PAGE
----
“Conceptually, anatomy has always been single case studies,” says Heisenberg. A few years ago he saw an opportunity to change this situation. Scientists now had the computing power and confocal microscopy expertise needed to compare multiple, entire fly brains. When Heisenberg did so, he found that the brain images could be superimposed with only a 15% standard deviation, thus yielding the standard brain.This was the standard brain for the Canton-S fly strain, which has been wandering around food vials for over 1,000 generations. But when Heisenberg made a standard brain for the more recently tamed Lindelbach strain, he found that two brain regions implicated in flight control were 10–15% larger in Lindelbach than those in Canton-S, whereas a brain region used in walking control was 10% smaller. Apparently, fly researchers have been studying an organism that is better adapted to sauntering than soaring.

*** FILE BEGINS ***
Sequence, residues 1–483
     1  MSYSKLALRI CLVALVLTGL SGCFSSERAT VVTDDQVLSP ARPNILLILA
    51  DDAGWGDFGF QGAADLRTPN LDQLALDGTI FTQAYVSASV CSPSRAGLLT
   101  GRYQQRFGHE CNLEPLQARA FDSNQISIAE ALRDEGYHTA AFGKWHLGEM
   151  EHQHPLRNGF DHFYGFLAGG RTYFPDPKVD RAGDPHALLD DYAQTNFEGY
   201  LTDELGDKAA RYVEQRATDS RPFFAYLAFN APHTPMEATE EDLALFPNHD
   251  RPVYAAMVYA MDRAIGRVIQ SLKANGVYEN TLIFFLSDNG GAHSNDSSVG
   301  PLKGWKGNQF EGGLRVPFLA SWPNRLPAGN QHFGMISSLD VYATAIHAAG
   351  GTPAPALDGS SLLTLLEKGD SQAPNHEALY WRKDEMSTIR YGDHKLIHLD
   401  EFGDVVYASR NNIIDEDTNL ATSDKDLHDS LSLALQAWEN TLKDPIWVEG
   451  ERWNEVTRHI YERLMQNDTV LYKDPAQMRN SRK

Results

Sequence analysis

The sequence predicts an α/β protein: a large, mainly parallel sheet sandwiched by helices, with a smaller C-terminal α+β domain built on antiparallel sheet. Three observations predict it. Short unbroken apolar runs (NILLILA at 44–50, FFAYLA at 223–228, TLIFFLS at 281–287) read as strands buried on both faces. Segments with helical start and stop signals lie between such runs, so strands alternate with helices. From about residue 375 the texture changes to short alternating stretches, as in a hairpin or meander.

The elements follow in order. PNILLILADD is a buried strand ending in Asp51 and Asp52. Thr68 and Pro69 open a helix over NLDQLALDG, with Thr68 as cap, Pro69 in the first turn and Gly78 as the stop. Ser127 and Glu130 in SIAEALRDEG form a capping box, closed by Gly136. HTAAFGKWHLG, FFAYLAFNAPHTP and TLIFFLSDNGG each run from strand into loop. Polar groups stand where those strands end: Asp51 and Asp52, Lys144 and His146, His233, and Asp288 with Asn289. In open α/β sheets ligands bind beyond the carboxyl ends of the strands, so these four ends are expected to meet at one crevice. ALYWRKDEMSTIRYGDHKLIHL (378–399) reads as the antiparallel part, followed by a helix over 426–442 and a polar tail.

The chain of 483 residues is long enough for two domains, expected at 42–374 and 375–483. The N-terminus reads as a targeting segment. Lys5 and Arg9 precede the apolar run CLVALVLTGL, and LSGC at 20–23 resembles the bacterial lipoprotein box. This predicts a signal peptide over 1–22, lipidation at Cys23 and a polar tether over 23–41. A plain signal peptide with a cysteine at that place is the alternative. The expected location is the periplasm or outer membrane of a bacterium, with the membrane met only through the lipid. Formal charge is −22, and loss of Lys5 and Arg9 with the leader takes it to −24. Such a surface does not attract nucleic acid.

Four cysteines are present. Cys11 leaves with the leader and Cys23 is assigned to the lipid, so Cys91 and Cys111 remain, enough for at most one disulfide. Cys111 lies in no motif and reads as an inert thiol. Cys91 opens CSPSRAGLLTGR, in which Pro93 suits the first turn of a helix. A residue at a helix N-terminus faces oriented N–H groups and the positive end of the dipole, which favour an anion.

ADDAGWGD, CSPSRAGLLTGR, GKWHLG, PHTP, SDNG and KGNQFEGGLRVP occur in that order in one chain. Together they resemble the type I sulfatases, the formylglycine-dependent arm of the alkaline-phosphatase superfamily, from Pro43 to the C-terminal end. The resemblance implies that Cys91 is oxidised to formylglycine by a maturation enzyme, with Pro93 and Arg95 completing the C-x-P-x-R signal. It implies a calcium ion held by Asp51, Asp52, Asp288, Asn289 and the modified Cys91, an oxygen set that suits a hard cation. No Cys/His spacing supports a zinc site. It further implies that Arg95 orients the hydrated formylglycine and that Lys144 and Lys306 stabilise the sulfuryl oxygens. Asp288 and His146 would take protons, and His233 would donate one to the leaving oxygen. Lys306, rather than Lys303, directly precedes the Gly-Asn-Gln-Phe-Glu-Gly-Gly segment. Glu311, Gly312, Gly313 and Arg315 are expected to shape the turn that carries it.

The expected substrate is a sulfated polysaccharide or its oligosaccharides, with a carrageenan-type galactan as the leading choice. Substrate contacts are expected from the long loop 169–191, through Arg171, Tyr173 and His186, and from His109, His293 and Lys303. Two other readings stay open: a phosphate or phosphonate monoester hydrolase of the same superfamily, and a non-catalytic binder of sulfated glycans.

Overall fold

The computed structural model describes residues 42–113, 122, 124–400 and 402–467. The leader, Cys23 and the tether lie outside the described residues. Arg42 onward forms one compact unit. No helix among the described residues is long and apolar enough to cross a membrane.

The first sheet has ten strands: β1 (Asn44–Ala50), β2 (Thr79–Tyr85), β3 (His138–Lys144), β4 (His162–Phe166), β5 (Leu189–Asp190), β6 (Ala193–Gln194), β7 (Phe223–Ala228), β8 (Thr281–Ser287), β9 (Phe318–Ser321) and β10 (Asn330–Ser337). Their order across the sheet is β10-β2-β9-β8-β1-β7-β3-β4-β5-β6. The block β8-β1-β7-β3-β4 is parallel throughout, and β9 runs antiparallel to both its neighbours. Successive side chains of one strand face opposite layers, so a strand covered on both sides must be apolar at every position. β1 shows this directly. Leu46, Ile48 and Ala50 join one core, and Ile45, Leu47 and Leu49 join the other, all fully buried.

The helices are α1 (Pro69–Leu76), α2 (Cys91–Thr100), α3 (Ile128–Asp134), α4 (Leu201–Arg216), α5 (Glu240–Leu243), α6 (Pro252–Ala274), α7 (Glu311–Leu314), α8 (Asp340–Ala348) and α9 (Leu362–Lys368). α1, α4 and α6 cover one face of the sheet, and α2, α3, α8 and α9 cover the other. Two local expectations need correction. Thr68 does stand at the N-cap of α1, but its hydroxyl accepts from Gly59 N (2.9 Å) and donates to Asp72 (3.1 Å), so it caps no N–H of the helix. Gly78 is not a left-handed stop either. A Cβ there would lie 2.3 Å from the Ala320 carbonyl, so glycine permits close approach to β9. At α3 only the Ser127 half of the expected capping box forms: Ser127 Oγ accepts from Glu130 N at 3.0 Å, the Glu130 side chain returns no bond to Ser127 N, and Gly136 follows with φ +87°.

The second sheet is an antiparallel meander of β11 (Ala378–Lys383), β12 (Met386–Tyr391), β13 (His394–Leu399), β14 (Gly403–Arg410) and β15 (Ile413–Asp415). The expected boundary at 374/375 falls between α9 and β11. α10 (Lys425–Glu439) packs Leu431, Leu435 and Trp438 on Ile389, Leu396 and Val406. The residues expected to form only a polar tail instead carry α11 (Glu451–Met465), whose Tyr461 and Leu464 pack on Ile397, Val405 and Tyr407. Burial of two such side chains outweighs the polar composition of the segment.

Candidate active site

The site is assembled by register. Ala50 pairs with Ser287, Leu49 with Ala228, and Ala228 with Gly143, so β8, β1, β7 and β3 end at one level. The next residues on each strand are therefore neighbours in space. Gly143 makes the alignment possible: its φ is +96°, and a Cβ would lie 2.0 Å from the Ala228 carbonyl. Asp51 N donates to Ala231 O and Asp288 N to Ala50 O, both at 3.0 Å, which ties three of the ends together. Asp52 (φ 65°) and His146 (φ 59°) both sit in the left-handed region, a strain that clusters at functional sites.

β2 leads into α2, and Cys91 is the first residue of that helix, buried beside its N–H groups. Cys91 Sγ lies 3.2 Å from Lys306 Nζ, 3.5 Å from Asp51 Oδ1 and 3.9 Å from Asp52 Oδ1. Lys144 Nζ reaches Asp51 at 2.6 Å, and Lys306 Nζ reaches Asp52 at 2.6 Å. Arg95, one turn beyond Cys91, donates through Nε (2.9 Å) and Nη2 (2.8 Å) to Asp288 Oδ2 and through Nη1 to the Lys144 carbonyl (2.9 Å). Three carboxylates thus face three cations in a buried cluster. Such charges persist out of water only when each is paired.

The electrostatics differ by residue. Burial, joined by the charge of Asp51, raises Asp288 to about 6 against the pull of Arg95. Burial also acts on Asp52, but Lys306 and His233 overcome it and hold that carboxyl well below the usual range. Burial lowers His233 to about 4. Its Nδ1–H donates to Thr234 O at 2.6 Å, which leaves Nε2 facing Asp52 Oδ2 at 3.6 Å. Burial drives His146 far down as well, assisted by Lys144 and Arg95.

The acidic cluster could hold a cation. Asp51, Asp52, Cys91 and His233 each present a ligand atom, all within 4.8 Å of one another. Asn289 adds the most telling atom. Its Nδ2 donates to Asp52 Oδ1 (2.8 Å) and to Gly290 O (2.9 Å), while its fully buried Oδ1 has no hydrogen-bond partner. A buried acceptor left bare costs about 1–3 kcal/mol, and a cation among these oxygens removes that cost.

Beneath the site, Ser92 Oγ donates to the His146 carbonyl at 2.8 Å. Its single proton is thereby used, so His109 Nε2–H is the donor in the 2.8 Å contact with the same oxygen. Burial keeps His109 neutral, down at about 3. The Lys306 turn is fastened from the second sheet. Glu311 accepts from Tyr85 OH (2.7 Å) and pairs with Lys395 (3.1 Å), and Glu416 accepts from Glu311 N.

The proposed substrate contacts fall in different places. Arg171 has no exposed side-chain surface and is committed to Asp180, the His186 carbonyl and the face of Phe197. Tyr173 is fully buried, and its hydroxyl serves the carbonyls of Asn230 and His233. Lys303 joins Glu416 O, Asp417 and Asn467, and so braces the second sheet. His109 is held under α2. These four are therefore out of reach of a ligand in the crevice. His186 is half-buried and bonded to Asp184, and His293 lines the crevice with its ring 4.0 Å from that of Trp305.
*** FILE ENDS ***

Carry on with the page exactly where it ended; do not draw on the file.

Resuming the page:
Now that the standard brain has been established, others can contribute to it by using a fairly standard computer set-up. Brain whole-mounts and imaging tend to be fast, but a single brain can take 2 days to analyze because of the time needed for manual outlining and assigning of each brain region. The two days should be reduced to several hours by a program—still under development—that will do most of the outlining automatically.
Although the protocol may be too cumbersome for large scale mutant screens, Heisenberg believes that numerous labs can contribute expression patterns to the model. “Standardization of these gene expression patterns with respect to each other will help us make sense of them,” he says. “We need a link between the gene level and the anatomic level.” ▪